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OECD: Slow Recovery, Happiest in Australia …

  • May 30th, 2013
  • Posted by Editor EUAustralia

EnergyModest economic growth is expected for Europe, Australia and the United States, with stronger performances in other countries, according to the Paris based OECD; which has also just dubbed Australia the “happiest”: of countries.


OECDThe Secretary-General of the research organisation, Angel Gurría, released the May edition of its bi-annual Economic Outlook at a media conference in Paris (29.5.13), saying the global economy was strengthening gradually, though the upturn remained weak and uneven.

“Supportive monetary policies, improving financial market conditions and a gradual restoration of confidence are at the root of the recovery”, he said.

“Also, the fiscal adjustment of the last few years is beginning to pay off: Several countries are close to stabilising their government debt-to-GDP ratios and ensuring a gradual decline in indebtedness over the longer term.”


World real gross domestic product (GDP) is projected to increase by 3.1% this year and by 4% in 2014. Across OECD countries, GDP is projected to rise by 1.2% this year and by 2.3% in 2014, while growth in non-OECD countries will rise by 5.5% this year and 6.2% in 2014.

 In the United States activity is projected to rise by 1.9% this year and by a further 2.8% in 2014. GDP in the Euro area is expected to decline by 0.6% this year and then rebound by 1.1% in 2014, while in Japan GDP is expected to grow by 1.6% in 2013 and 1.4% in 2014.


Uluru ElenaFor Australia, the OECD picture, which draws extensively on figures generated in the country under review, confirmed current expectations there.

The Australian economy has slowed down; the current wind-down of construction of mines would mean a subsidence of that boom, and then production and export from such mines should back a softer recovery.

Said the report: “GDP growth is likely to slow temporarily to 2.5% in 2013 before picking up to around 3.25% in 2014. The expected weakening of the boom in mine investment will be only gradually offset by the sector’s increasing export capacity and the strengthening of the non-mining sector. The persisting high exchange rate and still fragile confidence are inhibiting the emergence of new drivers of growth… The authorities need to gradually balance the public budget so as to restore fiscal leeway. Should activity worsen significantly, however, there is scope for fiscal policy to be relaxed to support demand …”


AusAidSo saying, in effect, the Australian economy looks sound enough and anything but a banana republic slipping on its skins; the OECD has also urged a still-better performance in sharing around the prosperity, through overseas development aid.

A report on 6.5.13 said Australia had delivered USD 5.44-billion (A$5.61-billion;, 30.5.13) in official development assistance (ODA) last year, or 0.36% of its gross national income:

“It is the eighth most generous country in the OECD’s Development Assistance Committee (DAC), which groups the world’s major donors.

“Australia’s goal is to reach 0.5% of GNI by 2017 – a goal the DAC encourages it to follow through on, given its good track record and relatively strong economy.”

(In another prod, to make Australia virtuous,  OECD websites note that the country’s use of renewable energy is 5.2% of total use; so far well short of its own medium term goal of 20%, or the EU’s 20% by 2020).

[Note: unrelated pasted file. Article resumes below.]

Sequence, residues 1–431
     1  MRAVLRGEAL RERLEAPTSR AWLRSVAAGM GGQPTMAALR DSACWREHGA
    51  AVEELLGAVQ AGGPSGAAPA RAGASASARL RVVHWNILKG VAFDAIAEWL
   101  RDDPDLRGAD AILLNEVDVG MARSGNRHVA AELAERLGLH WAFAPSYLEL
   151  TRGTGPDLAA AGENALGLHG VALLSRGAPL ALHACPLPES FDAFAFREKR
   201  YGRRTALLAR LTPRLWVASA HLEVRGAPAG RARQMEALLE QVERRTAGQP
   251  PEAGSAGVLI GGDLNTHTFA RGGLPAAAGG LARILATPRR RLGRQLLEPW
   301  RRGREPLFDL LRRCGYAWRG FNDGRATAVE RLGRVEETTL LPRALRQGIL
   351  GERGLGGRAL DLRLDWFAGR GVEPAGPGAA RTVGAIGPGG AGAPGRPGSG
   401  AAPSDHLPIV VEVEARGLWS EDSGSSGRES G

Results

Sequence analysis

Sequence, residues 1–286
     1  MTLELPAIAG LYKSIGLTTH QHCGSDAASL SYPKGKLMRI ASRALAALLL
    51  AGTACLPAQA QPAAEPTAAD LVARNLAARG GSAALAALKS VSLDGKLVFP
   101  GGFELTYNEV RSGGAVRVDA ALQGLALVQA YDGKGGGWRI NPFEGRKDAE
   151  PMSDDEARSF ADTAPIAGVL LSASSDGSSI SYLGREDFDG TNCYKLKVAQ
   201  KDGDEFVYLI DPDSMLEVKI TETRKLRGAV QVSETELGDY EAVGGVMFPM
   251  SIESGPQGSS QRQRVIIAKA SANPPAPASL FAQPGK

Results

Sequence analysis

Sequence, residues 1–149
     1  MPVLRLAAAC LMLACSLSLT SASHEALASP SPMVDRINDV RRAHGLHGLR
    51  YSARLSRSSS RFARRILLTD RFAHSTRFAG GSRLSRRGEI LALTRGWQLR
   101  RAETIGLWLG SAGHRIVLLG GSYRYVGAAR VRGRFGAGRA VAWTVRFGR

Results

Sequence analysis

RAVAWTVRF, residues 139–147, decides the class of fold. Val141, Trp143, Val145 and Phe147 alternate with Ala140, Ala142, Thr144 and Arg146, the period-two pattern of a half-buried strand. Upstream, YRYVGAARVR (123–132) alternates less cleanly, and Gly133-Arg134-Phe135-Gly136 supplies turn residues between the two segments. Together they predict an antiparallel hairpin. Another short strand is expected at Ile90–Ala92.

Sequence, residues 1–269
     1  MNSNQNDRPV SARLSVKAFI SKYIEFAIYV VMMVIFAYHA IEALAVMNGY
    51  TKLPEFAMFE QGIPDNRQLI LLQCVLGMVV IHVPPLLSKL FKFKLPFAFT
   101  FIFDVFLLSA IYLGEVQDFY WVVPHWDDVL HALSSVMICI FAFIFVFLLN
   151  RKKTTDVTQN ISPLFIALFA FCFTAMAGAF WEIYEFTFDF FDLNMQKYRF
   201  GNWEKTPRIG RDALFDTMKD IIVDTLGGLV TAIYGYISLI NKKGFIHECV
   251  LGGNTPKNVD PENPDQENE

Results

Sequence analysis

Happy FaceYet giving may be the path to happiness.

Australia has come out number 1, for the third year, on the “better life” index, a score relating to happiness.

Says the latest report on that, 28.5.13: “Australia performs exceptionally well in measures of well-being, as shown by the fact that it ranks among the top countries in a large number of topics in the Better Life Index.

“Money, while it cannot buy happiness, is an important means to achieving higher living standards. In Australia, the average household net-adjusted disposable income is 28 884 USD (A$29824) a year, more than the OECD average of 23 047 USD (A$23799) a year.

“But there is a considerable gap between the richest and poorest – the top 20% of the population earn six times as much as the bottom 20%.”

Other measures on the scale, contributing to the ranking received, are employment, education (reading, literacy, maths and science, especially), health care and life expectancy, and in the “public sphere”, factors like high voter turnout (which Australia puts in the bag, competitively, by making it compulsory).

Last but not least is a factor to do with going about feeling happy:

“In general, Australians are more satisfied with their lives than the OECD average, with 84% of people saying they have more positive experiences in an average day (feelings of rest, pride in accomplishment, enjoyment, etc) than negative ones (pain, worry, sadness, boredom, etc). This figure is higher than the OECD average of 80%.”

Other high rating states for a “better life” include Sweden and Norway, and Switzerland; returning the discussion to the opening point, that money might well account for much of this joi de vivre.

The OECD, based in Paris, is a cooperative body of 34 leading economic states, initially formed in the post-war era to provide information for reconstruction programs, and continuing now as an agency for collaborative global economic management and development.


OECD, Paris, Australia can deliver a growing aid budget effectively and efficiently, 6.5.13., (30.5.13).

OECD, Paris, Better Life Index – Australia, 28.5.13., (30.5.13).

OECD, Paris, Economic Outlook, May 2013., (30.5.13).